Variable Speed Pool Pump Installation

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Mark Garcia March 04, 2014

Installing a Variable Speed Pump

By now I am sure that you have heard of the new technology known as Variable Speed Pool Pumps - with a permanent magnet induction motor, they run cool to the touch, and are quieter than standard motors. And the best part is - they can save over 75% off your pool pump electrical bill. In some states with expensive electricity, this can save hundreds of dollars per year, or more for larger pools or fountains running 2 or 3 hp standard pumps.

But what about installation - is it complicated? Naaa, aside from programming your new pump, which can take the place of a time clock, a VS pump installs in the same manner as a regular pump. Not so with 2-speed pumps, which require a 4th wire - the low speed wire, and a new time clock. VS pumps don't have an extra wire, just two power leads and a ground wire. They operate on 220V, or 110V per wire.

I'll try to get a video together on the process when the weather warms up, but for now, here's a description of the 3 steps involved in installing a variable speed pool pump - Plumbing, Wiring and Programming.


Start by cutting the pipe that comes in, and the pipe that goes out of the existing pump. This will allow you to move the pump to a better position to remove the wires coming into the rear of the motor (shut off power first at the breaker and the time clock), and the bonding wire. After cutting, use large channel pliers or a strap wrench to remove the threaded fittings in the pump. You may reuse these fittings on your new pump, or use new fittings.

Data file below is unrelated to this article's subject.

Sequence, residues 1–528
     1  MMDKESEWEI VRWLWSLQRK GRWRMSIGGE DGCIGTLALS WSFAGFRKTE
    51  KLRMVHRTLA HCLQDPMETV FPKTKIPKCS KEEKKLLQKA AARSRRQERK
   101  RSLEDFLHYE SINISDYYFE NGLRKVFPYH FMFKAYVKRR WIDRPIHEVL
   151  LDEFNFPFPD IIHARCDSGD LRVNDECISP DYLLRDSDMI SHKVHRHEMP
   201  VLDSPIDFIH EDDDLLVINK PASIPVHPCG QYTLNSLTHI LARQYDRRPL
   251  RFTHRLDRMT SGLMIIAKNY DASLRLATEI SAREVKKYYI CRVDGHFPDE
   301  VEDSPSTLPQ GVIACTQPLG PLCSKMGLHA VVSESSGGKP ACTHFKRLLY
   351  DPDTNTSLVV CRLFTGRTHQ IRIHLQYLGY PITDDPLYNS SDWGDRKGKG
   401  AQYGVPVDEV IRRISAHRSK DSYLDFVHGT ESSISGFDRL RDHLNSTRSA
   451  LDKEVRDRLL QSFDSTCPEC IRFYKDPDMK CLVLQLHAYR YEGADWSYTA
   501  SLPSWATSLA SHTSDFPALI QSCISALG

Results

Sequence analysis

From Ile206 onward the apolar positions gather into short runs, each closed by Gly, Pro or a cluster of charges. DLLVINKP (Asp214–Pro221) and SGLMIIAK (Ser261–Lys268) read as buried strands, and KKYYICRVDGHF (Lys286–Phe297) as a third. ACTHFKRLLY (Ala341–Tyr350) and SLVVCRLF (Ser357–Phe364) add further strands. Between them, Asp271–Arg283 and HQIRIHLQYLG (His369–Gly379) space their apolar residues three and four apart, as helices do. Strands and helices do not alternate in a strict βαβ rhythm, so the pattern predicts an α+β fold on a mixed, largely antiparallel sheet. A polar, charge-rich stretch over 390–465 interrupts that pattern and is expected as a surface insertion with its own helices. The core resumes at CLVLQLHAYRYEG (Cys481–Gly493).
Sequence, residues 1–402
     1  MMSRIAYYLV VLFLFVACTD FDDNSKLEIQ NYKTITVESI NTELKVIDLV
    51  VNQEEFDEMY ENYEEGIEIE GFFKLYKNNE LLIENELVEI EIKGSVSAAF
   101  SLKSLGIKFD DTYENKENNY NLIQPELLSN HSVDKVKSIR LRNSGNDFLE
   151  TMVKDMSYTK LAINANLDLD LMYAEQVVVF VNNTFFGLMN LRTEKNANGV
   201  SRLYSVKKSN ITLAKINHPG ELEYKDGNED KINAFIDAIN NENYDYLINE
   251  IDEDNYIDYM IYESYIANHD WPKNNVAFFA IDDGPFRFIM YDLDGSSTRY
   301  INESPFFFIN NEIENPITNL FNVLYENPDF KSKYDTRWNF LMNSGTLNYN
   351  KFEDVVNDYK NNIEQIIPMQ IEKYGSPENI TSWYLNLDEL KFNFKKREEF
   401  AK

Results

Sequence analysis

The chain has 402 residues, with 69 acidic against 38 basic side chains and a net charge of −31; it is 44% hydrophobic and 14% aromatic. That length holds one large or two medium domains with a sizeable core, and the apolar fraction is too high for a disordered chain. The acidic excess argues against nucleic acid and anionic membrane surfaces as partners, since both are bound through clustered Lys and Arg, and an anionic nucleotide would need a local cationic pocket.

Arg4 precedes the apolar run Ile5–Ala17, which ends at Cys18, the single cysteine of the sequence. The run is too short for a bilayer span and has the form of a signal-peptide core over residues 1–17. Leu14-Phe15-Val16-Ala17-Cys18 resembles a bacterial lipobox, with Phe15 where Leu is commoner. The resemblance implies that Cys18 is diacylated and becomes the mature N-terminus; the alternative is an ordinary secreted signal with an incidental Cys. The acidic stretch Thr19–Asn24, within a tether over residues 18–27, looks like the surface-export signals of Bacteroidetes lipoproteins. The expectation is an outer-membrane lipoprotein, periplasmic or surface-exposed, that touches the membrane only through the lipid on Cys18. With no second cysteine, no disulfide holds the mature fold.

VS Pumps come ready to accept 2 inch pipe, and with the proper fitting, can also accept 1.5", 2.5" and 3" pipe. Some VS pumps, such as the Hayward Eco Star, come with Union connections to make future service removal easy. If you use these connections, make sure that you use a cement suited for CPVC.

If the new pump is too low or too high, you may be able to adjust the pump foot, or the base under the pump to raise or lower the pump to best match the incoming and outgoing pipes. The incoming pipes can also be raised if needed, by using couplings to extend the pipes. In some cases, new plumbing will need to be run all the way to the filter, but it's not that far. Try to plumb in straight runs, with as few 90's and 45's as possible, which add resistance to the system.


As mentioned earlier, the wiring for a variable speed pump is no different from a regular pump. First, make sure that all power is off, at the timeclock and the breaker. Use a test meter to verify. Attach a straight conduit connector to your new VS pump, on the junction box mounted on the motor. Connect the ground wire first, and then connect your two power leads (110V ea) to the two terminals labeled for incoming power. If unsure which connection to make consult your owner's manual.

Here's a couple of shots of the wiring for VS pumps. The Hayward Eco-Star is pictured on the left and the Pentair Intelliflo is on the right. After tightening down the wires, secure the cover plate and fill the pump with water - we're almost ready to test!


If you have ever programmed a TV universal remote, or set up a home thermostat - the menu driven application will feel very familiar. You'll configure the pump address (like an IP address), then set time, AM/PM, Langauge. Then you can set minimum and maximum speeds, and a ramp speed, or how fast the motor ramps up. Then you can set timer modes, or running schedules, and set special cleaning cycles or freeze protection. You can even set a password and engage an auto-lock to prevent someone from tampering with settings.

In most cases, programming for a variable speed pump will take no more than 10 minutes. If you are interfacing with an external controller, then you can expect more time in wiring the pump up to the controller for operation at the main control panel.


Thanks for Reading!
Mark Garcia